Curated for content, computing, and digital experience professionals

Month: October 2014

Managing and Monetizing Paid, Owned, and Earned Content

How does your organization manage and value paid, owned, and earned content? Is there a strategy for each of the three types? A budget?

If you are struggling with measuring the value of marketing related content you are certainly not alone – there is just no easy way to do it. In this session, Gerry Moran from SAP talks about the need for brands to manage and scale the three types of content together to engage customers throughout the sales cycle. Randy Woods from nonlinear creations describes a technique in use for modeling content and mapping it to online behaviors to get a better handle on content marketing costs and return.

Join us Wednesday, December, 3: 11:40 a.m. – 12:40 p.m. at the Gilbane Conference to learn more.

C9. Managing and Monetizing Paid, Owned, and Earned Content

Dom Nicastro, Staff Reporter,

Gerry Moran, Head of Social Media, North America, SAP
Scaling and Monetizing Paid, Owned, and Earned Media in Your Organization
Randy Woods, President, nonlinear creations
Of Metrics and Models: Measuring the ROI of Content Marketing

See the complete conference schedule.

Speaker Spotlight: Jeff Cutler – Don’t try content marketing without content strategy

As we did last year we’ve posed some of our attendees’ most frequently asked questions to speakers who will be at this year’s Gilbane Conference and will be sharing their complete answers with you here. This week we’re spotlighting Jeff Cutler, Content Specialist, You can see all Speaker Spotlights from our upcoming conference as well as last year’s event.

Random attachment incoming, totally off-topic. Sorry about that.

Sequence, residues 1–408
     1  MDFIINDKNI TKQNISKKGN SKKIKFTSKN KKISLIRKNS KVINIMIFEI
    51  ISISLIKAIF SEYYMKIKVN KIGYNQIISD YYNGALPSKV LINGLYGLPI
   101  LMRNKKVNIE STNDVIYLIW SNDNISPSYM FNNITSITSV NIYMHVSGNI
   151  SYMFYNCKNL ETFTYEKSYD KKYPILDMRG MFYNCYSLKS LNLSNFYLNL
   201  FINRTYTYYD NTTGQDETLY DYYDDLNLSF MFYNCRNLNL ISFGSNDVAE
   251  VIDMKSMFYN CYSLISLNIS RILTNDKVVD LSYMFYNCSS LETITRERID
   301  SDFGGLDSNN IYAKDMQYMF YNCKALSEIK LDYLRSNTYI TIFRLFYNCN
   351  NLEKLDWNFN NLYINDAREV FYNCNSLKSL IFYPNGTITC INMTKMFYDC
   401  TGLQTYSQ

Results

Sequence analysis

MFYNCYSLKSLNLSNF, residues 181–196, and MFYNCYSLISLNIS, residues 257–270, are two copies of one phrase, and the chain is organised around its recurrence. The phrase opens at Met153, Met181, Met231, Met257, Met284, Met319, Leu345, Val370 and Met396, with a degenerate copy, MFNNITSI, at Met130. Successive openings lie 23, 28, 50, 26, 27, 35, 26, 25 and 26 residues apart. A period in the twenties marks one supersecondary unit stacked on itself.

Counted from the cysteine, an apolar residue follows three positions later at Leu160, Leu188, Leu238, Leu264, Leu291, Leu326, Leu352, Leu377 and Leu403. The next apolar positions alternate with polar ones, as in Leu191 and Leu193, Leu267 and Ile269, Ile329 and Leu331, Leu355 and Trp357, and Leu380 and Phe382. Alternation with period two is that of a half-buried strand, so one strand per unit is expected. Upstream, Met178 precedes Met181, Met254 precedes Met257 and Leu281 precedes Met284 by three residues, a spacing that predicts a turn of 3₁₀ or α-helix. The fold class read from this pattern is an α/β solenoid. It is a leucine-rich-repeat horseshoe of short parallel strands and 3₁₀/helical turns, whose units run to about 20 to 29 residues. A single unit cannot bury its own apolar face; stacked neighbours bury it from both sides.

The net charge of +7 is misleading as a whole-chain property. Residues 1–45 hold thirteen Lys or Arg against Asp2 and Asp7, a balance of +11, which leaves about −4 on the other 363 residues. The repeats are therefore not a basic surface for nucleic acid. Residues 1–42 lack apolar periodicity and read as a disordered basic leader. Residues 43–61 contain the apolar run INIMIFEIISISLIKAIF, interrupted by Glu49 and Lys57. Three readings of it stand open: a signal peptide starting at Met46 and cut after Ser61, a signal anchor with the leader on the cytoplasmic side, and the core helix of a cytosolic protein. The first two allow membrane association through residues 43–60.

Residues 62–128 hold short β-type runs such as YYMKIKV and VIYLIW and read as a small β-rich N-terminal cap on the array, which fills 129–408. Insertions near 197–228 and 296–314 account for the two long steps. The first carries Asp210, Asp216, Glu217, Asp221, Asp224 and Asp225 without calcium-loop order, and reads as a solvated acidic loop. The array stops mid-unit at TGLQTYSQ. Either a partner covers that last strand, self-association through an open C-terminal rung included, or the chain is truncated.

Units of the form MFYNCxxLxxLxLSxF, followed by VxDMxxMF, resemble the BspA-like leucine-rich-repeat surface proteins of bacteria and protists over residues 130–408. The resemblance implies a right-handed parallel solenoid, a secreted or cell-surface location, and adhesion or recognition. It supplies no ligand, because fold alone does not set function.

Jeff Cutler - Gilbane ConferenceSpeaker Spotlight: Jeff Cutler

Content Specialist

Follow Jeff: @jeffcutler



Although sometimes used interchangeably ‘content strategy’ and ‘content marketing’ refer to very different though often connected disciplines. How and where should these activities be organized?

Simply put, if you don’t have a content strategy you should not undertake any content marketing. It’s the strategy component that directs smart decisions about to whom; where; and via what technologies your messaging and content will be shared. If you’re trying to connect with people and don’t have a strategy, it’s like trying to sell your services to an empty room. Figure out your audience. Figure out what tools they use to research the products/services they purchase. Determine if you have the capability and capacity to use these tools effectively. If everything clicks, move forward and start having a conversation and sharing content. Content strategy should be organized in brand and mission meetings – or at least discussed. From there it can be fine-tuned and then revisited before embarking on the content marketing campaign. Once approved, use the content strategy to develop a plan – including content calendar, resources, communication vehicles, sites, technology and more – that will help achieve the goals of that strategy.

Catch up with Jeff at the Gilbane Conference:

Track C: Content, Marketing, and the Customer Experience

C12: Content Marketing Panel
Wednesday, December 3: 2:00 p.m. – 3:20 p.m.

Register now to hear more from Jeff and all of our speakers.

See our complete conference program for more details.

Avoiding the Dangers of the Unmanaged Customer Experience

Put your consumer hat on for a moment. Think about the last time you booked travel, bought a holiday gift, ordered flowers, or applied for a new credit card. Online or offline – doesn’t matter. What’s notable about that experience? What do you remember about it? Something? Nothing?